UK market review: UK inflation breaches 2% target

Against a backdrop of intensifying pressures, both at home and in the US, UK investors continued to focus on the outlook for inflation during June as sharp prices increases fuelled speculation that interest rates might have to tighten more rapidly than previously forecast.


  • The UK economy grew by 2.3% in April
  • Manufacturing prices surged in June
  • Further lockdown easing was delayed until mid-July

Surging inflation: Against a backdrop of intensifying pressures, both at home and in the US, UK investors continued to focus on the outlook for inflation during June as sharp price increases fuelled speculation that interest rates might have to tighten more rapidly than previously forecast. The UK’s annualised rate of consumer price inflation surged from 1.5% in April to 2.1% in May, reaching its highest level since July 2019 and breaching the Bank of England’s (BoE’s) 2% target.

“Cost pressures are bearing down” (BRC)

“Nearer 4% than 3%”: Manufacturing prices also soared during June, according to a survey by IHS Markit/CIPS, stoking concerns that these increases will have to be passed on to consumers. The British Retail Consortium (BRC) warned: “Cost pressures are bearing down”; prices are likely to rise later in the year as retailers are forced to pass on higher costs for food, shipping, and commodities. BoE chief economist Andy Haldane warned that inflation expectations felt “more fragile” than at any time since 1992 and believes consumer price inflation will be “nearer 4% than 3%” by the end of the year. BoE officials warned that “near-term upward pressure on prices could prove somewhat larger than expected” and predict that inflation will rise above 3% “for a temporary period”. Nevertheless, they continue to regard short-term strength in inflation as “transitory” and believe that expectations for inflation remain “well anchored”.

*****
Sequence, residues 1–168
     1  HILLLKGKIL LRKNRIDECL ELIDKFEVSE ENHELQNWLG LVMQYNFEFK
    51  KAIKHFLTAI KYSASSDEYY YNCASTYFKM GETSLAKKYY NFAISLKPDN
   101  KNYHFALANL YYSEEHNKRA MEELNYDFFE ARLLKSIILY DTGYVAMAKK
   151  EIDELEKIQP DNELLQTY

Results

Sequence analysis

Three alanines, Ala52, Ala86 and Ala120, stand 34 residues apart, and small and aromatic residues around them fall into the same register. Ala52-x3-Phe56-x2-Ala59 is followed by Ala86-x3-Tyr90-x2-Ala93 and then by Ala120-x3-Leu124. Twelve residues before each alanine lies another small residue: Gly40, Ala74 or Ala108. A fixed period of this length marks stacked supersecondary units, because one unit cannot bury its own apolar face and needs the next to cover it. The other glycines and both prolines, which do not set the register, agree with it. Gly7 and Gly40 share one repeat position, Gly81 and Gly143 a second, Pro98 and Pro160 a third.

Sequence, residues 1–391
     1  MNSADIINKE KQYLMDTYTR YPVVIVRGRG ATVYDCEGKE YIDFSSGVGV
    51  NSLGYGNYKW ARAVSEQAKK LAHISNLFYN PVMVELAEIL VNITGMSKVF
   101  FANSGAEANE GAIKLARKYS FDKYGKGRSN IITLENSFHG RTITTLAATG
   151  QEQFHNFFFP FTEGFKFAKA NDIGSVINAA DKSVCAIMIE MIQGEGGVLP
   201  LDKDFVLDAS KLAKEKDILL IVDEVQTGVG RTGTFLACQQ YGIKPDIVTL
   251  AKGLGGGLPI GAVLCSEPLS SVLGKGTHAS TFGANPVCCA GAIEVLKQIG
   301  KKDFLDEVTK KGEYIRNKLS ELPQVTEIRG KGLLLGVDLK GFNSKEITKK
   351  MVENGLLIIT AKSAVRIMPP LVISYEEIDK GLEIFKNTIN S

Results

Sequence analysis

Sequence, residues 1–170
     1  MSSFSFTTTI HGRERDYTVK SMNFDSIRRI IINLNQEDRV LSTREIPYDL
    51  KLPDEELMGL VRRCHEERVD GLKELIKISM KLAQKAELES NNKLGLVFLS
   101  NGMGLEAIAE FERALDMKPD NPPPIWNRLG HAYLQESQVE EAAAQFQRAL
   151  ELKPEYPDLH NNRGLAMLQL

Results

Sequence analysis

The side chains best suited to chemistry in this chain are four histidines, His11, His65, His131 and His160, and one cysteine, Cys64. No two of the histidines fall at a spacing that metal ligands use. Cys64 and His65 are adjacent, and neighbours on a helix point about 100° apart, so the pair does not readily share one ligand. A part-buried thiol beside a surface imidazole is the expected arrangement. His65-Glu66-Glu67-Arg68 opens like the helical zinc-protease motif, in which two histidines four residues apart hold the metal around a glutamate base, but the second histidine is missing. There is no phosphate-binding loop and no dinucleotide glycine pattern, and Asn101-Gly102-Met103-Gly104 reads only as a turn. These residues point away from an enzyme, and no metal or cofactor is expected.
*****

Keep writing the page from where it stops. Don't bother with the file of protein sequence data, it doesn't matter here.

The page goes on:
Resuming dividends: The FTSE 100 Index edged 0.2% higher over the month, while the FTSE 250 Index fell by 1.4%. Retailers DFS, Dixons Carphone and Halfords reinstated their dividend payouts, while publisher Bloomsbury announced a special dividend. Elsewhere, the ten-year UK gilt yield fell from 0.80% to 0.72% during June.

Growth picks up: The UK economy expanded by 2.3% during April, posting its most rapid month-on-month growth since July 2020. Activity was boosted as coronavirus restrictions were eased, allowing consumers to take advantage of the reopening of non-essential shopping and outdoor bar and restaurant spaces. Compared with April 2020, the economy expanded by a record 27.6% during April 2021; nevertheless, it remained 3.7% below its pre-pandemic level in February 2020. Optimism was also tempered by Prime Minister Boris Johnson’s announcement that the final stage of lockdown easing in England would be delayed from 21 June until 19 July in order to address the rapid spread of the Delta variant of the Covid-19 virus.